Information Possibly Outdated
The information presented on this page was originally released on October 9, 2009. It may not be outdated, but please search our site for more current information. If you plan to quote or reference this information in a publication, please check with the Extension specialist or author before proceeding.
Cotton picking situation leads some farmers to sing the blues
By Patti Drapala
MSU Ag Communications
MISSISSIPPI STATE –As the harvest season finally gets under way in Mississippi, some cotton producers are “pickin’ and grinnin’” while others are woefully singing a different tune.
“Dryland cotton yields of 850 to 900 pounds of lint per acre have been reported; however, this is on very limited acreage. Many growers have reported at least some damage to their cotton while others have damage at disastrous levels due to excessive rainfall,” said cotton specialist Darrin Dodds of the Mississippi State University Extension Service.
“The north Delta does not appear to be suffering as much damage as areas farther south. Cotton in the north Delta was planted late and, in turn, was later maturing, which protected it to some degree from all of the rainfall,” he said.
Rain slowed the pace of harvest from what it normally is at this time of year. Mississippi received more than 7 inches of rainfall since the first week of September, with some locations receiving significantly greater amounts. This slowed defoliation applications and harvesting.
As of Oct. 4, less than 1 percent of the crop was picked. Producers usually have 45 percent to 50 percent of the crop harvested when October begins.
“We had a tremendous crop and outstanding yield potential back in August when the weather was dry and temperatures were optimum for boll development,” Dodds said. “By the third week of August, temperatures dropped, and when they came back up in September, the rains set in.”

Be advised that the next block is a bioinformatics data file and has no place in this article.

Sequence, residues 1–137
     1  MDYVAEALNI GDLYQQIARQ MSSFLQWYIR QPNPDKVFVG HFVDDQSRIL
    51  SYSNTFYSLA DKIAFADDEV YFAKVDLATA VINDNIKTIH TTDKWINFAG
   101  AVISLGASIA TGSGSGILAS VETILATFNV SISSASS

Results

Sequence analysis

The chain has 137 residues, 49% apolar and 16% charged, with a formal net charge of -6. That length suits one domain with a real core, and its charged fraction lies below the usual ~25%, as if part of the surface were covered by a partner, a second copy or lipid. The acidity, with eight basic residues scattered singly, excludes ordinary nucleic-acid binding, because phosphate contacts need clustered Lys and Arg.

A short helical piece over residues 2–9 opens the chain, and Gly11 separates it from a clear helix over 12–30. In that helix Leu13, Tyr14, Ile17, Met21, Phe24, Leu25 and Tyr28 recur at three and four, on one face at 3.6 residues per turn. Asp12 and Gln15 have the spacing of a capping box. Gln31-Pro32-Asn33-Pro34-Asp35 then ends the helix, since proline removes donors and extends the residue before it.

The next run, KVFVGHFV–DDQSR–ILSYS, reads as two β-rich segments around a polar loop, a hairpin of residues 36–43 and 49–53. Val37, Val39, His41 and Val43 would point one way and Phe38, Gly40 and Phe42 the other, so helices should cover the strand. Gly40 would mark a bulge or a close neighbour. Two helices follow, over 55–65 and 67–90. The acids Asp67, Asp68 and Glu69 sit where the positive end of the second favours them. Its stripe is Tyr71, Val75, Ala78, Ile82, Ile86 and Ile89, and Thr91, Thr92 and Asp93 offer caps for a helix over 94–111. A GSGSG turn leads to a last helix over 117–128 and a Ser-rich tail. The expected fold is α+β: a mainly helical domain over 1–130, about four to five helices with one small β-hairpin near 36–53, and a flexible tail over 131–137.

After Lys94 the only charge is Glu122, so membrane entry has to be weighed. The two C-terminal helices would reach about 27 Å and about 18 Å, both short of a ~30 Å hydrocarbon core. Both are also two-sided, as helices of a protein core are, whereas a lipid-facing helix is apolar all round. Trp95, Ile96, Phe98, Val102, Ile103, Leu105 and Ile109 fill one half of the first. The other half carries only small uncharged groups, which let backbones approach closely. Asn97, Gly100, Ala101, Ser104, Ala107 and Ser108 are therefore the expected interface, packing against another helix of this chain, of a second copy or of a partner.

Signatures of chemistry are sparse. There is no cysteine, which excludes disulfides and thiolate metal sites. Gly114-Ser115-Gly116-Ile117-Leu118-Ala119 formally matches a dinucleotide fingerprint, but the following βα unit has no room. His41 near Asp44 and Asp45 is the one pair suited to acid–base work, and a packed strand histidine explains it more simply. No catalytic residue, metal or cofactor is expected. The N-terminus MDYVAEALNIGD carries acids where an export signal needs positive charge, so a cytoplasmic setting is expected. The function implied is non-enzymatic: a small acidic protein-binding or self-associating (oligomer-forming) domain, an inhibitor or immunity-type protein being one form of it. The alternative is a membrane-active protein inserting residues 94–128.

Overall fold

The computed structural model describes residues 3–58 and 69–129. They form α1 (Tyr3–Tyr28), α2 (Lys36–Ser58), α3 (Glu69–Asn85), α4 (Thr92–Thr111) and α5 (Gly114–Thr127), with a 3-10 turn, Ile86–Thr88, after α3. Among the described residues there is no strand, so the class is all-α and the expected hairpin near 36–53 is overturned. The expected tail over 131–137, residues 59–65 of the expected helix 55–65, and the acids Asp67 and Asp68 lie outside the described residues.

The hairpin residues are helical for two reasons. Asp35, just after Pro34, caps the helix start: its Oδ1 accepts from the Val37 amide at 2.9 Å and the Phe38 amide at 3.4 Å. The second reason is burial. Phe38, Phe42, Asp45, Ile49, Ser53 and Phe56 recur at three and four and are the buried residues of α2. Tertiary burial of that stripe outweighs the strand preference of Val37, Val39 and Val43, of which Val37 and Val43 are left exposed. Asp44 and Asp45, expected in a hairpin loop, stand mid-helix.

The combination of excessive rainfall, warmer temperatures and the resulting humidity created a situation conducive to boll rot and hardlock. Boll rot is caused by an array of different diseases that affect the quality of the lint.
“If the bolls are cracking or are open already and weather like we have had the past several weeks sets in, the lint starts to deteriorate,” Dodds said. “You then run into yield and grade problems because lint may be unharvestable and/or quality is reduced.”
Hardlock, perhaps a more frustrating problem for many producers, occurs when the fiber does not fluff out. Lint quality may not be affected, but the spindles on the cotton picker cannot grab the fiber. The unharvested bolls eventually fall to the ground.
“Both conditions are bad for producers because they contribute to yield and/or fiber quality reductions,” Dodds said. “Affected areas report yield losses ranging from 10 percent to 75 percent.”
While some producers have had no cooperation from Mother Nature, they may find some relief within the cotton market.
“Prices are back on the rise,” said Extension agricultural economist John Michael Riley. “Mississippi was projected to yield 960 pounds of lint per acre, but I suspect we will see that estimate come down because of the wet weather we’ve experienced for so long.”
Cotton futures during the summer were on a roller-coaster ride as they varied between 55 cents and 65 cents per pound. Riley said fluctuations stemmed from the rise and fall in the U.S. dollar and the concerns about drought in India, a major world cotton supplier.
“If the current weather persists, producers in Mississippi can expect prices of nearly 60 cents a pound,” Riley said. “If the weather breaks and pickers start rolling, prices probably will slip a little. Producers then might be looking at prices around 55 cents.”